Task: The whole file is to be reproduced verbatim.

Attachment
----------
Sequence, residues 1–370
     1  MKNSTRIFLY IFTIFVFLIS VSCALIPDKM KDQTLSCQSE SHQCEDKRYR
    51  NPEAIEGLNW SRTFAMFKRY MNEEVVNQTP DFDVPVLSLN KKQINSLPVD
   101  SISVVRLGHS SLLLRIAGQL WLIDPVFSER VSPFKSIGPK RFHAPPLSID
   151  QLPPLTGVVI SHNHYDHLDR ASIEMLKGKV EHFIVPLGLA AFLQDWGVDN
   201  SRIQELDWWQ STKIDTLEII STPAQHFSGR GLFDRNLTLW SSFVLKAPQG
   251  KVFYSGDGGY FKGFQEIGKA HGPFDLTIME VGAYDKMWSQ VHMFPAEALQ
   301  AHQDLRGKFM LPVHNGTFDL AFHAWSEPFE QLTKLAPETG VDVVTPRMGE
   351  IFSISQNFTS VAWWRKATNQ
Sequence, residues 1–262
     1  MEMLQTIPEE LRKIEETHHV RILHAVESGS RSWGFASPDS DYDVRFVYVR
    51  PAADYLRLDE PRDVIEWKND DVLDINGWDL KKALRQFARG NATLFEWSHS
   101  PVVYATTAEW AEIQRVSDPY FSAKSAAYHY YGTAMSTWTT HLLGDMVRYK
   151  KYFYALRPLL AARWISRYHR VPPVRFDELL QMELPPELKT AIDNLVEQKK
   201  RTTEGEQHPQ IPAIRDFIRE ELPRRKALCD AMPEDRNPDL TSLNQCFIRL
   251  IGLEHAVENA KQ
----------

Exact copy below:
Sequence, residues 1–370
     1  MKNSTRIFLY IFTIFVFLIS VSCALIPDKM KDQTLSCQSE SHQCEDKRYR
    51  NPEAIEGLNW SRTFAMFKRY MNEEVVNQTP DFDVPVLSLN KKQINSLPVD
   101  SISVVRLGHS SLLLRIAGQL WLIDPVFSER VSPFKSIGPK RFHAPPLSID
   151  QLPPLTGVVI SHNHYDHLDR ASIEMLKGKV EHFIVPLGLA AFLQDWGVDN
   201  SRIQELDWWQ STKIDTLEII STPAQHFSGR GLFDRNLTLW SSFVLKAPQG
   251  KVFYSGDGGY FKGFQEIGKA HGPFDLTIME VGAYDKMWSQ VHMFPAEALQ
   301  AHQDLRGKFM LPVHNGTFDL AFHAWSEPFE QLTKLAPETG VDVVTPRMGE
   351  IFSISQNFTS VAWWRKATNQ
Sequence, residues 1–262
     1  MEMLQTIPEE LRKIEETHHV RILHAVESGS RSWGFASPDS DYDVRFVYVR
    51  PAADYLRLDE PRDVIEWKND DVLDINGWDL KKALRQFARG NATLFEWSHS
   101  PVVYATTAEW AEIQRVSDPY FSAKSAAYHY YGTAMSTWTT HLLGDMVRYK
   151  KYFYALRPLL AARWISRYHR VPPVRFDELL QMELPPELKT AIDNLVEQKK
   201  RTTEGEQHPQ IPAIRDFIRE ELPRRKALCD AMPEDRNPDL TSLNQCFIRL
   251  IGLEHAVENA KQ